Acton Institute Powerblog Archives

Post Tagged 'Law/Crime'

Defend the Rule of Law, Not Judicial Supremacy

One of the core principles of the Acton Institute is the importance of the rule of law: “The government’s primary responsibility is to promote the common good, that is, to maintain the rule of law, and to preserve basic duties and rights.” While most conservatives would agree with this sentiment, there has recently been a lot of confusion about what defending the rule of law requires and entails. Continue Reading...

A Plea for Prosperity

At the prodding of my friend Victor Claar, here’s a plea based on the significance of the Vulcan salute pioneered by Leonard Nimoy, who passed away today at the age of 83. Continue Reading...

Entering The Dark Web To Hunt Human Traffickers

We all use search engines every day. Don’t know a word? Google it. Can’t remember exactly what that restaurant’s address was? Yahoo will know. These search engines (and others) are extremely helpful for our everyday lives; they help us shop, do our jobs, attend to school work and link us to entertainment and games. Continue Reading...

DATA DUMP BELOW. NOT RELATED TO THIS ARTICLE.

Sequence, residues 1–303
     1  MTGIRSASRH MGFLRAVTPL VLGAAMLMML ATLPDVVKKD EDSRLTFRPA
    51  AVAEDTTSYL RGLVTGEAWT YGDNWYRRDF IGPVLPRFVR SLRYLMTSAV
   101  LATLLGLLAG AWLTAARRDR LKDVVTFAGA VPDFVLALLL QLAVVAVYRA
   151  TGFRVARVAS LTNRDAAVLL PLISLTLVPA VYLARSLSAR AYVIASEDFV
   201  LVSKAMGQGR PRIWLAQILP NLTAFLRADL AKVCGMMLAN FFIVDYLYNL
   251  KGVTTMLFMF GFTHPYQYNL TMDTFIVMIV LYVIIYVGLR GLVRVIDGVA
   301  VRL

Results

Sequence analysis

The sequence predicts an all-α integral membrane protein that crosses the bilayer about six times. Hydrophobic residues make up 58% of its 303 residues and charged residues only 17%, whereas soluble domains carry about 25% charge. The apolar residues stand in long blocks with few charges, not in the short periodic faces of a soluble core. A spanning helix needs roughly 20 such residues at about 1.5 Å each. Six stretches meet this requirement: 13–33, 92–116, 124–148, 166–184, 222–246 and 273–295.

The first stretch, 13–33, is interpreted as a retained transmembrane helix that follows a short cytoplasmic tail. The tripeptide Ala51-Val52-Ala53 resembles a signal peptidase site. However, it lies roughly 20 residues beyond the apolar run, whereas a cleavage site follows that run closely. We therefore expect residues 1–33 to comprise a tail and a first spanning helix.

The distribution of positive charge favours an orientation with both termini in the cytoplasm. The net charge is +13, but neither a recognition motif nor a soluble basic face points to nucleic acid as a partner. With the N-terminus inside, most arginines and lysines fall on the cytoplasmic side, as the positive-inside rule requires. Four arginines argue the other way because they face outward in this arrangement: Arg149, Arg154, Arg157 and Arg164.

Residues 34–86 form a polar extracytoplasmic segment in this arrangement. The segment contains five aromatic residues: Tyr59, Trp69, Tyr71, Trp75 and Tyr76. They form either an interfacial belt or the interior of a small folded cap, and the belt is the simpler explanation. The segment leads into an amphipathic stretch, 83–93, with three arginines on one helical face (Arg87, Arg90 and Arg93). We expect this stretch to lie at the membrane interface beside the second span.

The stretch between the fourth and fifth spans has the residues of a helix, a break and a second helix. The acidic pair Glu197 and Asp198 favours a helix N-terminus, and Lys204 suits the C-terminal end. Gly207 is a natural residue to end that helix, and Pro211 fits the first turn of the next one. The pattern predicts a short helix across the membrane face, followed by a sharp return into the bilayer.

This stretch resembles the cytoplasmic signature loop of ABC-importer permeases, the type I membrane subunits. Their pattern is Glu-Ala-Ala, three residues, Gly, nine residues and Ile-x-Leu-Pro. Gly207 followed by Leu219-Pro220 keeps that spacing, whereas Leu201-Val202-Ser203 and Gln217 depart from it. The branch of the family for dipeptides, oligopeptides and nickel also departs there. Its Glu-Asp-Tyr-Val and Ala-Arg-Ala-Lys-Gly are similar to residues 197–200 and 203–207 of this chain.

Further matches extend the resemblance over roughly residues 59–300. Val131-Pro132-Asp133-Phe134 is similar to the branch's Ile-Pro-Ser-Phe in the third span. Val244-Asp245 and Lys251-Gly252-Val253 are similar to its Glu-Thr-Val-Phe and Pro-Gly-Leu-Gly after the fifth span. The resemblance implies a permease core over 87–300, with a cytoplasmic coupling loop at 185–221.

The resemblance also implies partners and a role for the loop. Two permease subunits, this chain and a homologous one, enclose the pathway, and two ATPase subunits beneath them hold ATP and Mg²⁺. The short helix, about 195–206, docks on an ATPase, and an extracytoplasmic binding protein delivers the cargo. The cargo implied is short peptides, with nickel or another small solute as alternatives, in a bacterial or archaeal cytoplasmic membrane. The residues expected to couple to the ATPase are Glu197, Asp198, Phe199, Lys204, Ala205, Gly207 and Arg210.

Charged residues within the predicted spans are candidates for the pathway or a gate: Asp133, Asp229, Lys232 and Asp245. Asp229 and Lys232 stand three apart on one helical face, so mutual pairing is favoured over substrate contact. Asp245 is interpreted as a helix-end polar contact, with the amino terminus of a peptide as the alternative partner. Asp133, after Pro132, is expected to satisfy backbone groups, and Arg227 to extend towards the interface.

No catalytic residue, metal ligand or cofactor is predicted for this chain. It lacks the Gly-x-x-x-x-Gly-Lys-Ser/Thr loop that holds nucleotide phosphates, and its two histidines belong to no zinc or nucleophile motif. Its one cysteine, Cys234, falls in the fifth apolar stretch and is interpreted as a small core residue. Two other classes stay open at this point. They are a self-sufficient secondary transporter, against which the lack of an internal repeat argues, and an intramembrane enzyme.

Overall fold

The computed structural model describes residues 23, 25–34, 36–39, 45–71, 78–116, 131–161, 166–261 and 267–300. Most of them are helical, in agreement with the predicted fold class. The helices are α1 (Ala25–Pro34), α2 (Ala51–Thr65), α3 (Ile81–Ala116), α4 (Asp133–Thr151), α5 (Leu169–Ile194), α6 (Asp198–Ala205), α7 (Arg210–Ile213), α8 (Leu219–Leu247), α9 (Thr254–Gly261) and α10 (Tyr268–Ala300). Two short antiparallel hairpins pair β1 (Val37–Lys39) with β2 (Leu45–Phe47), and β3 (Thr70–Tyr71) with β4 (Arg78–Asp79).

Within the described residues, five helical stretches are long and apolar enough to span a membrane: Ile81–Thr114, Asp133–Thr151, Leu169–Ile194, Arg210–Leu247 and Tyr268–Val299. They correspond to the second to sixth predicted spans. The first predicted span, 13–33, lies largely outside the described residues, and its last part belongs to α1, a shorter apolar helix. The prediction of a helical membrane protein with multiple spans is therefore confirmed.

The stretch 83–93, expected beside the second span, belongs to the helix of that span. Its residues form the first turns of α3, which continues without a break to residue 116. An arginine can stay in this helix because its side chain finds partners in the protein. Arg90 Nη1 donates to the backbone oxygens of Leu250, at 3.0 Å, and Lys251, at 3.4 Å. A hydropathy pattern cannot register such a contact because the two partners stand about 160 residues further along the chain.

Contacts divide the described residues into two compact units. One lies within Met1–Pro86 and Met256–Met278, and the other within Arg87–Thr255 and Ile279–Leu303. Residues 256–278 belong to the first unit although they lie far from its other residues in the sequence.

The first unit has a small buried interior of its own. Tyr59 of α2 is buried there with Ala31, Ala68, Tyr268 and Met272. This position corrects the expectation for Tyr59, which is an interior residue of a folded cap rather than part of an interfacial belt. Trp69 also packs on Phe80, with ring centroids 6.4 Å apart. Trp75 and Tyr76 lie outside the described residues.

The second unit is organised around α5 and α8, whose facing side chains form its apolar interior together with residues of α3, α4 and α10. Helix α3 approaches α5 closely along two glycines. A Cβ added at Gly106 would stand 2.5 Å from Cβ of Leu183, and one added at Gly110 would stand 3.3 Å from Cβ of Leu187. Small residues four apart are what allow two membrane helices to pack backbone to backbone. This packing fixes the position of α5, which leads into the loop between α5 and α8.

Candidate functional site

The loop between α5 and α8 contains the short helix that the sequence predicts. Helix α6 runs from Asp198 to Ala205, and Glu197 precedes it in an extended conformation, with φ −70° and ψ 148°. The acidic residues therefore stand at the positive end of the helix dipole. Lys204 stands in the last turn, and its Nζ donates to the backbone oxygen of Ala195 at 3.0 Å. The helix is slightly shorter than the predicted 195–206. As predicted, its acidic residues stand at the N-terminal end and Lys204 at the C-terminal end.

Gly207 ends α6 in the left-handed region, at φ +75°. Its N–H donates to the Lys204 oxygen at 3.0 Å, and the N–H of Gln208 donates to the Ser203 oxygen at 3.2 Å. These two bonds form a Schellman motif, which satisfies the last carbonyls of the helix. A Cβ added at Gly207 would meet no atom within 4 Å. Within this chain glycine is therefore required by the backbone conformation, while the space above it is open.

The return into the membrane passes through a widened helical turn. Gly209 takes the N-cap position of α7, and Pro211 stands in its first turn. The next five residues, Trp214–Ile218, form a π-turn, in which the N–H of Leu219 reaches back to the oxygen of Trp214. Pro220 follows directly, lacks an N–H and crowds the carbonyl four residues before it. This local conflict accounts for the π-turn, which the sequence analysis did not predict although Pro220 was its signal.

Explainer: 21 Egyptian Christians Beheaded in Libya

What just happened in Libya? Islamic State (IS) released a video on Sunday that appeared to show the beheadings of 21 Egyptian Christians in Libya. The footage showing the deaths of the Egyptian martyrs appeared on the Twitter feed of a website that supports IS. Continue Reading...

Federal Court Rules Religious Organizations Can Hire (and Fire) for Religious Reasons

Earlier today a federal appeals court handed down an important ruling that protects the liberties of religious organizations. In the case of Alyce Conlon v. InterVarsity Christian Fellowship/USA, the United States Court of Appeals for the Sixth Circuit rejected a plaintiff’s attempt to enforce state and federal gender discrimination laws on one of the nation’s largest Christian campus ministries. Continue Reading...

From Inmates to CEOs

If you’re a convicted criminal, finding a job while you’re in prison is often easier than getting one after you’ve served your time. Because of an expansive list of mandatory post-release sanctions, inmates often leave prison facing what Jeremy Travis, the president of the John Jay College of Criminal Justice and a former director of the National Institute of Justice, has called a secondary “invisible punishment” that is frequently more severe than the one levied by any judge or jury. Continue Reading...